Children’s films seem to be overambitious these days, either crafting elaborate, often high-concept narratives or offering up meaty themes and gags designed to appeal to adults rather than the kids you might think are the intended audience. This isn’t always a bad thing. Pixar, in particular, has made some incredibly rich films over the years with a lot to say whilst remaining enjoyable for the whole family. Indeed, I’m an absolute sucker for animated kids films and will watch anything, regardless of its critical reception. Hell, I sat through Boss Baby with little complaint. However, I often find myself missing the simple pleasures of the cartoons I watched when I was a kid. As admirable as it is to teach children the rights and wrongs of the world whilst they watch TV, I grow tired of the endless moral lessons of the programming on CBeebies and talk the kids into sticking on a Looney Tunes DVD for some mindless silly fun.
So I was pleasantly surprised when I watched The Big Bad Fox, finding the sort of innocently fun children’s film I felt the current generation was missing out on (although I’d add the wonderful Paddington films to this group).
The Big Bad Fox isn’t doing anything new. The stories are all familiar and the jokes are largely classic visual gags and slapstick. However, it’s all done with great charm and no irony. There are maybe some lines here and there that adults will better appreciate, but the film never tries to play beyond its prime audience. In keeping things simple like this though, it actually ends up appealing to everyone. Indeed, I was laughing along with my kids at some of the daft exploits of our farmyard protagonists. The characters, although widely drawn, are all lovable. My girls particularly liked the silly rabbit and duck double act.
The English voice cast are very good too, delivering the jokes with effective comic timing. I’d usually go for the original language, but with the girls watching and unable to read subtitles, I had to opt for the English dub. It was much better than I expected. I’ve had bad experiences with the Studio Ghibli dubs in the past, which seem good on paper with known actors in the cast, but the English language tracks always seem odd and off-putting. I think that might be down to Japanese having such a different rhythm to English though, whereas French has much more in common with it.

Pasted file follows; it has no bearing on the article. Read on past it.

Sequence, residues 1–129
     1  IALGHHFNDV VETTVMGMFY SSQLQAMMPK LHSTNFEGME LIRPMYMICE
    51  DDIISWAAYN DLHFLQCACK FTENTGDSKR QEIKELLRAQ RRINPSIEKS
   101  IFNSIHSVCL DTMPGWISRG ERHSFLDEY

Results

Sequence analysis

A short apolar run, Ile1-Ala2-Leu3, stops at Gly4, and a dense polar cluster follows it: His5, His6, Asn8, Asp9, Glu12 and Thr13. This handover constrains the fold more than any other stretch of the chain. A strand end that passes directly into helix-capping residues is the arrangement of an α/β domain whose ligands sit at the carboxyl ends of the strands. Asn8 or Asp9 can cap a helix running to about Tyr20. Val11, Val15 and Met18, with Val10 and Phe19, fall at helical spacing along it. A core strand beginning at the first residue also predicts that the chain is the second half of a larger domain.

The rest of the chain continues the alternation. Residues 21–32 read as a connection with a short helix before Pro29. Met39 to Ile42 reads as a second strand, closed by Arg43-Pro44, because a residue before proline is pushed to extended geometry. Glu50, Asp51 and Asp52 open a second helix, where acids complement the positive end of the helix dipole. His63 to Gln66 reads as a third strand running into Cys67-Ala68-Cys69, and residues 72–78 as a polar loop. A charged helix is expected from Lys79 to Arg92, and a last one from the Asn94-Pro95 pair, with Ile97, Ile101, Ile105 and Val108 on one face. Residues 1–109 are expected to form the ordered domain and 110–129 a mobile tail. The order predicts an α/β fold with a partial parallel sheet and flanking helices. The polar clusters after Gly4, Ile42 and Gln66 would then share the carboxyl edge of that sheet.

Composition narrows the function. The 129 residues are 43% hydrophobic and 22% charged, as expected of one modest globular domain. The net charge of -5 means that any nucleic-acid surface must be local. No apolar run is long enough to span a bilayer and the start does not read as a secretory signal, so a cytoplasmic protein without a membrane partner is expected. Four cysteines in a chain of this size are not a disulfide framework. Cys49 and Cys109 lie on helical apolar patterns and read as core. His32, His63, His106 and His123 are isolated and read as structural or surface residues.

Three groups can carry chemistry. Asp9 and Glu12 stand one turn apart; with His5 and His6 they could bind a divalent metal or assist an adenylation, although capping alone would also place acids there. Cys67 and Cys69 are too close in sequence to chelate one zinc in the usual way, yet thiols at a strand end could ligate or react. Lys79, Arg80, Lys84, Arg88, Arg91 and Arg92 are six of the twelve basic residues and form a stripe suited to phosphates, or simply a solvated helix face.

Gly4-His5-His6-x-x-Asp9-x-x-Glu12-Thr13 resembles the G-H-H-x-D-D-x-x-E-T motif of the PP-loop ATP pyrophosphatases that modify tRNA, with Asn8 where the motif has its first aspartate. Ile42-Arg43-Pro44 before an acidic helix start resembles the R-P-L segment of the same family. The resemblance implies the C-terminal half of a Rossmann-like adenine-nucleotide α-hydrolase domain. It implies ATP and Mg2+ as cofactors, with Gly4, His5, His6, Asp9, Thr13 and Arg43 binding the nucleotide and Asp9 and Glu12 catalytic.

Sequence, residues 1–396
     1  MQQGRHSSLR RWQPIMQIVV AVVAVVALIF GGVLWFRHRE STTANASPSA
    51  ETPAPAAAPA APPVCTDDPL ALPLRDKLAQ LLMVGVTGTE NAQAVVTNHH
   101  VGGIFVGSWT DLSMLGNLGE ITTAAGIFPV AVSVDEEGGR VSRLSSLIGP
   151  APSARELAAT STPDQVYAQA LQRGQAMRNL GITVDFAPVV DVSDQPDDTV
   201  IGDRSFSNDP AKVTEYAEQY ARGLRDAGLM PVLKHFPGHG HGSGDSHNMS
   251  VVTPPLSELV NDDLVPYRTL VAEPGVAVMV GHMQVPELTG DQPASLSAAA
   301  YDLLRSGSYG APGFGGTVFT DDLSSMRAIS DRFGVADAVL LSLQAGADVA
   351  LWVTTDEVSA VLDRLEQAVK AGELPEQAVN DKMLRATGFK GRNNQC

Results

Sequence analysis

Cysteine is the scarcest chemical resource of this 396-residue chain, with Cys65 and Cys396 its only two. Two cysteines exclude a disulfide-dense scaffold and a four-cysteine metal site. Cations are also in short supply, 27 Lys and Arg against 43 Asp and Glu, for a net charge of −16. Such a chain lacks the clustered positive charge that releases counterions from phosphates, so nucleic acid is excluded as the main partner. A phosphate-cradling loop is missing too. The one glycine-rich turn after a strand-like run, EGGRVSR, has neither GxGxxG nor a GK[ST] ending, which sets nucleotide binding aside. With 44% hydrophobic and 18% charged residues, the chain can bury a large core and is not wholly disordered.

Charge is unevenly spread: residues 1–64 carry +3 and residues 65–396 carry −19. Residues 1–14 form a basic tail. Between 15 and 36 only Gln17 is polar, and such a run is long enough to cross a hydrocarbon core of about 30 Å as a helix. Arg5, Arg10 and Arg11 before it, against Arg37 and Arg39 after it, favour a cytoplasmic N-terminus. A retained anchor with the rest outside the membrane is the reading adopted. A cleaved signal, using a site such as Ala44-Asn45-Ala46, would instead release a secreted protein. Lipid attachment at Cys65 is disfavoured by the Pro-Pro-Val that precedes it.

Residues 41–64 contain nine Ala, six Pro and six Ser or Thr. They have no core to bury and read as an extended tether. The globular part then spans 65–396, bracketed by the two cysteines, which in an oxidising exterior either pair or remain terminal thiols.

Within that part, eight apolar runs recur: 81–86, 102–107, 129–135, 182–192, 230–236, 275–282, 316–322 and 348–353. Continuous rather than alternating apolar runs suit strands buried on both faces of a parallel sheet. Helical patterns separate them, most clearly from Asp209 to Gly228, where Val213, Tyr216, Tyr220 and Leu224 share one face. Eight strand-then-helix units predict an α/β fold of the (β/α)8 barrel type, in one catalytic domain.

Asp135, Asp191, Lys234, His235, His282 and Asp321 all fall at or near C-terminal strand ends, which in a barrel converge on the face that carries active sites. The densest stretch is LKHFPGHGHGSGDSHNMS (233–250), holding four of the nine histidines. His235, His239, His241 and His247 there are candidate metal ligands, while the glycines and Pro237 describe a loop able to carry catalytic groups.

The film looks lovely too. Like Renner’s previous film, the wonderful Ernest & Celestine (which he directed alongside Stéphane Aubier and Vincent Patar), it’s painted in a simple watercolour(ish) style, similar to that of a children’s book.
It all certainly went down well with my girls. My eldest, who was traumatised by the far-too-aggressive Peter Rabbit abomination earlier in the year (“I never ever want to watch that film ever again”) was delighted by The Big Bad Fox. I asked her what she thought about it and her response was a simple “good good good” and “it was a little bit funny”. My youngest, who is only 2, seemed to enjoy it too and she often struggles to sit through anything longer than half an hour.
All in all, it’s lovable, innocent fun. It hardly breaks the mould and those looking for an animated film with more meat on its bones might be disappointed. However, I found it refreshing to watch a truly child-friendly film that doesn’t try to aim for too broad or inappropriate an audience and isn’t laden with schmaltz or hammered home messages. It’s a charming watch and one I imagine my kids (and I) will be more than happy to revisit.
The Big Bad Fox and Other Tales is out on 26th November on DVD and digital download in the UK, released by Studiocanal. I saw the DVD version and the film looks and sounds great – the picture looked clear and crisp on my projector, despite not being HD.
The only features are the option to watch the film either in its original French language or the English Dub and a ‘Making Of’ featurette.